The return to work plan, which starts when the injured worker has a capacity to perform (some) work, should outline the various stages the worker will go through before reaching the goal of returning to pre-injury hours and duties.
It may for example state that the injured worker is expected to return to pre-injury hours in 6 weeks, and that their hours and duties will (gradually) change during this time.
An employer should ensure each RTW plan is flexible and monitor it closely, watching for potential and real any barriers or issues that come up along the RTW way.
For example, if one of the injured worker’s duties is causing the injured worker some pain, the employer should determine whether the task is actually suitable, and whether it could be changed.
This could be as simple as providing the injured worker with (ergonomic) equipment or tools to make the task easier.
Employers should also seek the medical practitioner’s opinion if any issues arise, and be prepared to extent or change a RTW stage. Sometimes RTW plans don’t upgrade from one stage to another as anticipate or expected as an injured worker may exacerbate their injury, or their recovery time might not be as fast as expected.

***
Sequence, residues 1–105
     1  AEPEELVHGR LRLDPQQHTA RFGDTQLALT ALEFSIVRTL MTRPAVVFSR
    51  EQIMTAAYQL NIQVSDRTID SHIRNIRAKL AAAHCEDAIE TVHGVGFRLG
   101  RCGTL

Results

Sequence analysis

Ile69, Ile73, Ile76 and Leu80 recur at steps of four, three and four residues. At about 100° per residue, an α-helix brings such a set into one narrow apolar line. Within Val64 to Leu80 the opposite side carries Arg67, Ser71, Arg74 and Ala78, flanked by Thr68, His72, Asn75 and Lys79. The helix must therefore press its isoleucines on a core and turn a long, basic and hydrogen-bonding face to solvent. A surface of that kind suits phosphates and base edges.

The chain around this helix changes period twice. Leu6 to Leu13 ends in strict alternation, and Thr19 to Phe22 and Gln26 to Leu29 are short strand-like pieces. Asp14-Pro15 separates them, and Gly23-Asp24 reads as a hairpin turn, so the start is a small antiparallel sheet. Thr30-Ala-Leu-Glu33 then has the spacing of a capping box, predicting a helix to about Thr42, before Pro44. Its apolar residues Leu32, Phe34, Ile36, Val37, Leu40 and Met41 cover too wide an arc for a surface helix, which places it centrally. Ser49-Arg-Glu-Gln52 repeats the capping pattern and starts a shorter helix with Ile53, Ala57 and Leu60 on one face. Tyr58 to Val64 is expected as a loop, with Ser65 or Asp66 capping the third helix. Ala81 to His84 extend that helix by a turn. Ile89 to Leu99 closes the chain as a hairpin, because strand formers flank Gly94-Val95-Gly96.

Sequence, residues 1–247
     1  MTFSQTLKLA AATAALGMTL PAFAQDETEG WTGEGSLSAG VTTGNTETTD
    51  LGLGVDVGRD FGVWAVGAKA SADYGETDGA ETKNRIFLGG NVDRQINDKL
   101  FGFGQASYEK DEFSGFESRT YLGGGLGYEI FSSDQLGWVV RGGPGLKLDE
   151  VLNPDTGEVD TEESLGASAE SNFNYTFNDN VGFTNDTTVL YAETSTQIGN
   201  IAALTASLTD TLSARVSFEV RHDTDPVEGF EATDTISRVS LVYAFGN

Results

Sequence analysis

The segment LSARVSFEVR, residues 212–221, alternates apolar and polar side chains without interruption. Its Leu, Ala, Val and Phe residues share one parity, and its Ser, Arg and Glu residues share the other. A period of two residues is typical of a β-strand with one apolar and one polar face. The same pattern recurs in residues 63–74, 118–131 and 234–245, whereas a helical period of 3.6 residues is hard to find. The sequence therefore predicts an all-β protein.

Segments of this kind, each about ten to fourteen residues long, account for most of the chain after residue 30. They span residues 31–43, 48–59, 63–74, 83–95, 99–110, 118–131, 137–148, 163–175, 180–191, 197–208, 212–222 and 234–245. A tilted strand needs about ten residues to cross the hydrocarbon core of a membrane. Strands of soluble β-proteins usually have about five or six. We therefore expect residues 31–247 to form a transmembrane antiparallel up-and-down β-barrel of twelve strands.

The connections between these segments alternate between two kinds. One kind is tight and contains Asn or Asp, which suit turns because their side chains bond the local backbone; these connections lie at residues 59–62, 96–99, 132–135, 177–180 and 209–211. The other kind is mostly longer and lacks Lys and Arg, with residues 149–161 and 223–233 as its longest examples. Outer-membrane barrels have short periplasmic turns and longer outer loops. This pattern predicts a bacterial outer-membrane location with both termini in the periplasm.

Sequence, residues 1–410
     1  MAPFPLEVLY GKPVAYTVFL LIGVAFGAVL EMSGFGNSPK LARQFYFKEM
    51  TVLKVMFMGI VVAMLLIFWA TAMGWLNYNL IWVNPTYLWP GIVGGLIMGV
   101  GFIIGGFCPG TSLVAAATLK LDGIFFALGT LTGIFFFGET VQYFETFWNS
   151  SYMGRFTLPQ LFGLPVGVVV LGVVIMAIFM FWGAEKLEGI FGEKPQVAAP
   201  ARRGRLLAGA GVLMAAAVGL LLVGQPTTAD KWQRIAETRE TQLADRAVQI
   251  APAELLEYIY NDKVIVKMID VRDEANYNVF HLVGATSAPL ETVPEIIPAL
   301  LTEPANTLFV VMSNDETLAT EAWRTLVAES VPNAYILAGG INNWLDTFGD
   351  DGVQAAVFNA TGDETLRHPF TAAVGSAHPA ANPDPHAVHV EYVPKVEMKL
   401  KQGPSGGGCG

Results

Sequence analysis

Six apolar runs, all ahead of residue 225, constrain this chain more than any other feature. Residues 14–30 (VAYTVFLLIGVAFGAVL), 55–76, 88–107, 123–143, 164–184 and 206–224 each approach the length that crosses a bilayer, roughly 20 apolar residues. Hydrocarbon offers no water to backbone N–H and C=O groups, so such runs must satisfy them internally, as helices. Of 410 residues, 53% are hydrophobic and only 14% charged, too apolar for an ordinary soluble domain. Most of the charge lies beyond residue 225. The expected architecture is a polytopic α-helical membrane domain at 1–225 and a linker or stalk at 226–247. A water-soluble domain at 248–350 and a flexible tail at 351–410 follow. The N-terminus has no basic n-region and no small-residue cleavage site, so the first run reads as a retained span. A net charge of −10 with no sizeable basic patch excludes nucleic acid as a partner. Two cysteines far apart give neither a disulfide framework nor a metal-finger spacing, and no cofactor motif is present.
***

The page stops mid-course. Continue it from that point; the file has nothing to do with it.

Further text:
In these cases, it is important for the employer, the injured worker and the medical professional to provide their opinions on how best to proceed.
It’s also important that the injured worker (is allowed) explains how they feel they’re coping with their RTW plan(s)
Who monitors the injured worker’s Return to Work?
Who monitors the injured worker and the RTW plan usually depends on the size of the employer (company). Some employers have dedicated RTW coordinators.